“Barack Obama is an experience provider. He attracts the educated consumer. In the last Pew Research national survey, he led among people with college degrees by 22 points. Educated people get all emotional when they shop and vote. They want an uplifting experience so they can persuade themselves that they’re not engaging in a grubby self-interested transaction. They fall for all that zero-carbon footprint, locally grown, community-enhancing Third Place hype. They want cultural signifiers that enrich their lives with meaning.”
Go read the whole thing in the Times
I know that Roger Clemens is scheduled to testify next week in front of the US Congress, at which point he is expected to continue to deny – under oath – that he ever used steroids or human growth hormone.
Of course, that testimony may have been made more problematic by the fact that the trainer who allegedly injected him with the drugs, Brian McNamee, reportedly has given old syringes and bloody bandages to Congressional investigators, with the suggestion that somewhere in all that stuff there could be a trace of Clemens’ DNA.
Let me be clear about this. I want Clemens to be telling the truth. I really do. It will be bad for baseball if he is found to be lying…not to mention or Clemens, who could find himself charged with perjury if he makes a mistake up on the Hill.
But I’m afraid that he is not, and that he thinks he can intimidate his ay through this situation in the same way that he used to intimidate his way through nine innings.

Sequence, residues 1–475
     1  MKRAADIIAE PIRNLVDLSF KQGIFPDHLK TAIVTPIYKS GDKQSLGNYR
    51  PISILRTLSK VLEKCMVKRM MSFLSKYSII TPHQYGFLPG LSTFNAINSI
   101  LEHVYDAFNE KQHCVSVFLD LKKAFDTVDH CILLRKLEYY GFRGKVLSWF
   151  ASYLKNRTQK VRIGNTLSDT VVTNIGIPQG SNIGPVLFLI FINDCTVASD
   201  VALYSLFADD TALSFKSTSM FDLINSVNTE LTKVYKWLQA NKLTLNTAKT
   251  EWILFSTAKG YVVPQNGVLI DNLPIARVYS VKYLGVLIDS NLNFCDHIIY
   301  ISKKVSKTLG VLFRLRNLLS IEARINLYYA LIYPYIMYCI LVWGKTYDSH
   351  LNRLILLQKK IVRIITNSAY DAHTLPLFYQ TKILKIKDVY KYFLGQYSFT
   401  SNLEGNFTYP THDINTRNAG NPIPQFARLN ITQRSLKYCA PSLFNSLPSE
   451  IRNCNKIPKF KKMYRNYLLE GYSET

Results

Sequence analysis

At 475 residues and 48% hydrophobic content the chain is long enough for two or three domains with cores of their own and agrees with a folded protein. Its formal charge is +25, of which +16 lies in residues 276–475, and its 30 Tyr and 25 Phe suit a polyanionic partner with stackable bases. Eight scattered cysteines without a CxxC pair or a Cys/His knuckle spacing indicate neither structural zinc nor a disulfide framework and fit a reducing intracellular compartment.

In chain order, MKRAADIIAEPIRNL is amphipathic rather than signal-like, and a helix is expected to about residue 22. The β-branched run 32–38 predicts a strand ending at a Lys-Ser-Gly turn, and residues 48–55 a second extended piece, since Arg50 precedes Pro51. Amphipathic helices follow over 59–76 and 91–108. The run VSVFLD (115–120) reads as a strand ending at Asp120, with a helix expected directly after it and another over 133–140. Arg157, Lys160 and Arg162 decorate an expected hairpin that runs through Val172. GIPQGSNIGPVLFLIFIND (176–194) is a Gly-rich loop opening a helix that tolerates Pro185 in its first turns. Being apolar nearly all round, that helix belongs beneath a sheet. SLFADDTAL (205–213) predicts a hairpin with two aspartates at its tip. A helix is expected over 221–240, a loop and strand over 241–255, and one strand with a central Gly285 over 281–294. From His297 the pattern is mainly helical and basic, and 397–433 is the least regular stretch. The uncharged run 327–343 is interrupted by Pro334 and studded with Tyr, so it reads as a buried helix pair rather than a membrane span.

What he doesn’t realize is this. Elected officials swing a bigger stick. They often don't hit anything…but they’ve got the stick, and when they connect, it can make a lot of noise.
The good news is that pitchers and catchers are about to report. Yippeee!
Can I do a little shameless self-promotion here?
Michael Sansolo and I are teaming up to give the keynote address at the annual Boston Seafood Show. We’ll be doing the presentation – entitled “Change Is Inevitable, Resistance Is Futile,” on Monday, February 25…and we both hope that if you’re an MNB
reader and attending the show, you’ll stop by and say hello. We’re always thrilled to meet members of the MNB
For more info, go to:
My wine of the week: the 2005 Trimpilin, a wonderful Sangiovese that is terrific with – as you might expect – Italian food. It was a gift from my sainted mother-in-law, so I don't know how much it costs…but I’m guessing it probably runs somewhere between $20 and $30. And is worth it.
That’s it for this week…see you Monday…and have a great weekend.